Progressive Tech Companies Want Trump to Protect Sharing Economy From Dem Attacks

Rich OrdBusiness, SmallBusinessNews

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Michael Beckerman, President & CEO at Internet Association which represents big internet focused tech companies such as Google, Amazon, Facebook, Uber, Netflix, Twitter, Lyft, PayPal, Salesforce, Rackspace and many more, sent a congratulations letter to the Trump transition team today. In it they sought to inform Trump how important the internet is to the economy and gave their take on issues dear to them.


The entire letter is available here (PDF).

One very interesting area the group focused on is the sharing economy, which has been under severe attack by progressives and liberal Democrats around the country. Perhaps Trump isn't Silicon Valley's worst nightmare after all, considering he is likely to agree with them on these planks:

By harnessing the power of the internet and internet-based commercial cloud technology, sharing economy platforms allow individuals to use their free time and resources to earn significant supplementary income under a flexible working arrangement that allows people to earn money how, when, and where they want. Although still in its nascent stage, the sharing economy is projected to account for $335 billion in global revenue in 2025, up from $15 billion in 2013.

Offer Consistent, Smart Regulatory Approaches: The rapid rise of this new sector of the economy, however, has been met by piecemeal regulatory approaches at the local and state levels that often feature misguided or overly burdensome rules driving up costs for consumers and workers. By steering clear of burdensome regulations, policymakers at every level can ensure this rapidly growing sector of the economy sees its full potential.

Protect the Flexibility and Economic Opportunities of the Sharing Economy: On demand and sharing economy companies are driving new economic growth and opportunities by providing individuals with unprecedented flexibility and control over the decision of when, and how, they earn income. By attempting to apply the same static workplace regulations of the 20th century to this new economic model, policymakers could threaten the very entrepreneurial spirit that drives these 21st century earning opportunities.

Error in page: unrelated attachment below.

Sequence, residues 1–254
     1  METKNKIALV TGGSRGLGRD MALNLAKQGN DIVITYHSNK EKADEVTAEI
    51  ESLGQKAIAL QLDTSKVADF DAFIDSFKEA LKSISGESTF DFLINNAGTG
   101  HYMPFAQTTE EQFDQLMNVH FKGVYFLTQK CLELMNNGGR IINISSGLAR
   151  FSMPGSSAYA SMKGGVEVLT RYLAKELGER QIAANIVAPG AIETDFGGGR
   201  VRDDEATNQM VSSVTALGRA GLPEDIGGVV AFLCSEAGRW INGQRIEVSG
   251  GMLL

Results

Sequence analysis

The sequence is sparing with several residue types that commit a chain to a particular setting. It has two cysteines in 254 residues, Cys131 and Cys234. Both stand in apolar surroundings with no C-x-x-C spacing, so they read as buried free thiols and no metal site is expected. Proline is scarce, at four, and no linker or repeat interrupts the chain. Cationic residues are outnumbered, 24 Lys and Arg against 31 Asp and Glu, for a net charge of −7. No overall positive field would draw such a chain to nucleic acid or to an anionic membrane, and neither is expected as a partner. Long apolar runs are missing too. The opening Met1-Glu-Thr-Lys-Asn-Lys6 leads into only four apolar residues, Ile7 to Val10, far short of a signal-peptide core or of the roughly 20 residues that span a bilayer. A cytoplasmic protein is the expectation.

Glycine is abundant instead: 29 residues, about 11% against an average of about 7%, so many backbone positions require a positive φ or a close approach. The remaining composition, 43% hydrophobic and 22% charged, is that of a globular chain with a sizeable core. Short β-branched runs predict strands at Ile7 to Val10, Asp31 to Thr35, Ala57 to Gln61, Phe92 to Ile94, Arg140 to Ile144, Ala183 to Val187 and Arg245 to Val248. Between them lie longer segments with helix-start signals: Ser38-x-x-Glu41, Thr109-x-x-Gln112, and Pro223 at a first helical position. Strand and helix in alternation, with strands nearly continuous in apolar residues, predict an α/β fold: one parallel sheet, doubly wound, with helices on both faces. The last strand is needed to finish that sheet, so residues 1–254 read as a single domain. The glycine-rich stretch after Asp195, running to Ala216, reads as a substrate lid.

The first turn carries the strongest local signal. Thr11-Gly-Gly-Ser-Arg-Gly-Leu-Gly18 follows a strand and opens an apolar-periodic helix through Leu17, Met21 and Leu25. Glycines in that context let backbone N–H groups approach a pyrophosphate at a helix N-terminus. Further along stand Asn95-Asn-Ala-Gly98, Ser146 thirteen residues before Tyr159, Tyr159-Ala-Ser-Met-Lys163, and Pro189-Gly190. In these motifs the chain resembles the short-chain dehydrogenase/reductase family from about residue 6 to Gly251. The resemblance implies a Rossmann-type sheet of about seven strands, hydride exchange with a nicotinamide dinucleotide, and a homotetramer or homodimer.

One of their other key concerns is safeguarding platforms like Facebook from lawsuits because of things their users post which means not weakening current intermediary liability laws:

"Weakening intermediary liability laws would not only chill innovation and free expression online, but would also threaten investment in the next generation of ideas fueling our digital economy. If digital content intermediaries were responsible for the content uploaded by users, over 80 percent of investors would be less likely to fund startups. In addition, 85 percent of investors are uncomfortable investing in digital content intermediaries open to unpredictable legal action."

Another major concern is copyright law safe harbors, such as fair use, exemptions, compulsory licenses and first sale doctrine:

"Threats to the flexible framework, such as weakening limitations or exceptions to safe harbors, would create barriers to entry for internet startups and creators, which would deny users the ability to access content

They also want policies that promote pro data innovation rules:

"However, new regulatory proposals on how data is used and collected threaten to reduce this value. U.S. policy must ensure businesses in every U.S. industry can keep a competitive edge by innovating with data. To do so, policies should champion data innovation by acknowledging the crucial role of data in the modern economy and promote pro-innovation rules. This includes taking a harms-based approach to consumer privacy, instead of a collection-based approach, and stopping data minimization efforts or other proposals that would inhibit innovation."

Rich Ord